On August 20th, 1716, four of this town laid the four corner stones of the present school. John Drake, by will, March 27th, 1713, gave all his Lands and Buildings, in Keighley, towards the maintenance of a Schoolmaster, for instructing the children of the town and parish of Keighley aforesaid, in the English, Latin, and Greek tongues without any other reward.

Harehill Free School
Sarah Midgley, wife of Peter Heaton, of Deanfield, in the Parish of Keighley, left the interest of 200. for ever, towards the maintenance of a Schoolmaster at Harehill, in the Parish aforesaid, 1743.
In 1826 Isaac Heaton was appointed schoolmaster at Harehills.

 

The Sunday schools were the first to educate young people in reading & writing, then came the halftime act in 1833 which required children to attend school for  two-and-a-half or three hours per day. On top of this children would be working 40 hours per week. This was for children under ten, it would be a few years before the halftime age was raised, and many years still until children were stopped from working and able to  attend school full time. One of the problems with the halftimers education and leaving school so young being that a child who showed promise in education, by the time they reached adulthood they would have lost all the skills they had learnt, most even the ability to write their own names. Another cause of the problem being that the people who had the money to pay for the building of the schools were the same people who owned mills, mines & such and relied on the children for cheap labour. 

 

In the later 1800's many young gentlemen of the local gentry were sent away to boarding school, the one at Pannal being a popular choice for Keighley gents. Thomas Watson bought Wescoe Hall and turned it into a school, renaming it Pannal House. A look at the 1871 reveals some family names well known to the area: Albert H & Charles F W Rishworth, John Dixon, James H Haggas, Alfred Merrall, Priestley Midgley, Samuel Smith, Henry Mitchell and John W F Ingham.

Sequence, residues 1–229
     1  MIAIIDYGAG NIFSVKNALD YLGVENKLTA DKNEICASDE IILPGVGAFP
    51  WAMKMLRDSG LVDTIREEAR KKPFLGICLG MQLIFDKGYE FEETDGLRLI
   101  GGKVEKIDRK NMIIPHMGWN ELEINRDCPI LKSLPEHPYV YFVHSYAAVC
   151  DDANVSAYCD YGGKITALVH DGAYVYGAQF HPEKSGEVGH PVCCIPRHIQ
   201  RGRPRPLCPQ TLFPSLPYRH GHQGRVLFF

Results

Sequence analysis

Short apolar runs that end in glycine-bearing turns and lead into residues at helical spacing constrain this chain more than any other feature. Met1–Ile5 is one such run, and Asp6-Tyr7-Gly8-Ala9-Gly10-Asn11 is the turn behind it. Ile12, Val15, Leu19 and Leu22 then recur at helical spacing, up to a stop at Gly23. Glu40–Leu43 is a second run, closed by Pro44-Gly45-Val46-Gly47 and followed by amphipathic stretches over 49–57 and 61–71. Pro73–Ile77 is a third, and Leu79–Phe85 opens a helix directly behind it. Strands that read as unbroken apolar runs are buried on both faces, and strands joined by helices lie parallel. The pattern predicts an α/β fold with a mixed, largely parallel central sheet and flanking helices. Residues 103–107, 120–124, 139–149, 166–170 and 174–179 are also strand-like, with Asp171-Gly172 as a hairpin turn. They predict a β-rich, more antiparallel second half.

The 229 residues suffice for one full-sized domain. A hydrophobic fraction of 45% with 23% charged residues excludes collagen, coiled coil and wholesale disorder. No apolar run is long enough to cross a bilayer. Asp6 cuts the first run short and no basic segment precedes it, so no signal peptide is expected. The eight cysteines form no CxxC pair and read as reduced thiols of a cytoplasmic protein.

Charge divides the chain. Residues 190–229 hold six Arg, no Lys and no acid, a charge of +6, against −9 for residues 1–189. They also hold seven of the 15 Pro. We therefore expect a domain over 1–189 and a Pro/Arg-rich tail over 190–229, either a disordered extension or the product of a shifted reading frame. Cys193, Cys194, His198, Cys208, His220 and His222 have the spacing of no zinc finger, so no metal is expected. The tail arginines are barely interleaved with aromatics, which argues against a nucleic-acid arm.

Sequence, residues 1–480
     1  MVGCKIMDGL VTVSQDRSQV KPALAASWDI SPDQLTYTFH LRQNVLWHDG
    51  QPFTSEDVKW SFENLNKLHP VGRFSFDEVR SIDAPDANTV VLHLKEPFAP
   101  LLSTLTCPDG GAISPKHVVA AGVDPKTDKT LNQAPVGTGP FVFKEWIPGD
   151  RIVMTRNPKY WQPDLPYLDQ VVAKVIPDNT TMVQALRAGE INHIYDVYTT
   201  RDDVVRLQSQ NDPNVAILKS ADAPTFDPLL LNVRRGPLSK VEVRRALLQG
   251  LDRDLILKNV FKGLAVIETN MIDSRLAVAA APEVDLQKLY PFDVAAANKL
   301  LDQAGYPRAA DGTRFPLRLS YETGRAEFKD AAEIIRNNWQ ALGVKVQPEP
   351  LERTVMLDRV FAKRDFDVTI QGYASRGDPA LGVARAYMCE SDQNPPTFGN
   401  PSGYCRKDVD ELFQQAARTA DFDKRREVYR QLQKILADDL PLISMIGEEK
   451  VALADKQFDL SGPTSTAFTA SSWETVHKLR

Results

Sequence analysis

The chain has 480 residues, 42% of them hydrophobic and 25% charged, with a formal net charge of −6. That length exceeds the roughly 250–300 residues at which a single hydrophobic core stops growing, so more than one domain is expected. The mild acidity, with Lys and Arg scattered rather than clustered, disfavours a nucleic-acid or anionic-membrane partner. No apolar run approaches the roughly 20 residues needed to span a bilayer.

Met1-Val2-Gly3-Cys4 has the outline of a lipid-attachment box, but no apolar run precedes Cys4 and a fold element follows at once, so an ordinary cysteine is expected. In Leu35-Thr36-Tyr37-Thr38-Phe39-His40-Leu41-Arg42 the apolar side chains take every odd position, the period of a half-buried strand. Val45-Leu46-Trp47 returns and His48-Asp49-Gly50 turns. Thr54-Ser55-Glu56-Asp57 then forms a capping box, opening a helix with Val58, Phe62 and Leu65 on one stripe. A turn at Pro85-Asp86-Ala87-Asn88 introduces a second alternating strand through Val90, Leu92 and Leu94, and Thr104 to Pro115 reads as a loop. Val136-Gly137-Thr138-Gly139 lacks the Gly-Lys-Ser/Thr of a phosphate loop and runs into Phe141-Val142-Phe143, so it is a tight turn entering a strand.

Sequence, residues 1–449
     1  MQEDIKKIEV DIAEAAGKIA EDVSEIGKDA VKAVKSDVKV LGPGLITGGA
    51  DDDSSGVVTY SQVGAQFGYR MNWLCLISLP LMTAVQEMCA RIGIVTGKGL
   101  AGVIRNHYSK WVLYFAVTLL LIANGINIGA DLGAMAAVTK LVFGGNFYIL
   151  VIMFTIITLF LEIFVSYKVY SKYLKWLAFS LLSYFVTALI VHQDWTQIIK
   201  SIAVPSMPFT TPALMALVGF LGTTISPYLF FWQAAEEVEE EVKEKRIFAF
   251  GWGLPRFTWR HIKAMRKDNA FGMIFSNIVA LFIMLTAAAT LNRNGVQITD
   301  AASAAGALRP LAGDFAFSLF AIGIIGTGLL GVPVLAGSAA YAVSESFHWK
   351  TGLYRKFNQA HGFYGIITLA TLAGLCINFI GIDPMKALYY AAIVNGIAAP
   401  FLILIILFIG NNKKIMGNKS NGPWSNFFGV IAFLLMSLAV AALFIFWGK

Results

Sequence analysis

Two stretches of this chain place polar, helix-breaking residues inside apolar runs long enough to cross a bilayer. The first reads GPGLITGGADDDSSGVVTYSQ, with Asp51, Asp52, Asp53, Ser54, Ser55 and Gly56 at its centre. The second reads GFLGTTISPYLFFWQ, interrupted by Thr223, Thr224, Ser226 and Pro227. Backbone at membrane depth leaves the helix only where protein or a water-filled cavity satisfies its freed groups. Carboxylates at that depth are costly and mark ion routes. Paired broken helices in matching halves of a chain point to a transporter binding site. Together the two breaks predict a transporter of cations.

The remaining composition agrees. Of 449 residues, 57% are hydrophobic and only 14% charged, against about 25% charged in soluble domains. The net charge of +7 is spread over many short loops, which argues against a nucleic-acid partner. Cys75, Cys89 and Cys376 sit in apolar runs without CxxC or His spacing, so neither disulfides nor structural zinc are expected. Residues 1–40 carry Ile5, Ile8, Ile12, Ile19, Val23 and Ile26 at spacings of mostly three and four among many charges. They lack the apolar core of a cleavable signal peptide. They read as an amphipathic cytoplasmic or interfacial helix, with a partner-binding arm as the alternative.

Bank House School Keighley
While looking at some old newspapers we came across an advertisement in 1871 for Bank House School Keighley with room to educate 20 young gentlemen. 
Converted to a Wesleyan school for both day and boarding pupils sometime before 1851. Run by Mr. Jackson and is wife with assistance from two servants and an assistant teacher. From the 1851 census we ascertain that there were 6 residents and one of them is no other than Prince Smith Junior, in 1871 there were ten, and closed down before the 1881 census. John Jennings who had retired at a young age from being a stuff manufacturer moved in. 
From the book "The Poets of Keighley, Bingley, Haworth and District" In one poem a line reads "Bank House, where oft the careless youth Received a taste of Jackson's rod".

Sandywood House was used as a boarding school for young ladies, you can find out more by visiting the Houses page


In the 1851 census we notice that at Demems a house occupied by the Helliwell family is used as a night school

In 1881 Samuel Howard was running a young gentleman's boarding school at 40 Queens Street.

 

News item from 1875 mentioning Wesleyan School Temple Street & Saint Ann's Roman Catholic School, it also covers in the poor conditions of the pupils at the time and the use of a workshop at Dalton Lane to be used as a temporary school. 

 

Oakworth Wesleyan School

1845, the National School goes from Sunday School to School

Parkwood

Wesley Place

Holy Croft School Opened 1879



 

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Right Honourable Viscount Halifax officially opened the new Greenhead premises of the Drake and Tonson's School, previously located in Strawberry Street and soon to be known as Keighley Girls' Grammar School.
 Keighley Girls (old) Grammar School 1881 Miss Mary Ellen Mellor was Head Mistress.
Sadly the once magnificent building that started life has the Girls Grammar School at Greenhead was demolished in 2011 and replaced by a modem structure. 

Left, the Girls Grammar School prior to moving to Greenhead.

 

Eastwood Church School 1875

Map showing location

Eastwood Church School: 

Eastwood National School with masters house was built in 1858 and was extended in 1875.

The first Eastwood School was by St Mary's Church at the top of Dalton Lane, we find reference to the church, school and School house in the 1861 census and the occupant was the head master was George Mead.

Eastwood Board School opened 1877

Eastwood 1932 JW Mitchell Challenge Shield for school choirs which they won at the Keighley Summerscales musical competition in November, 1932. Headmaster Harry Whitake


1911 Coronation: Medals were presented to the school children of Keighley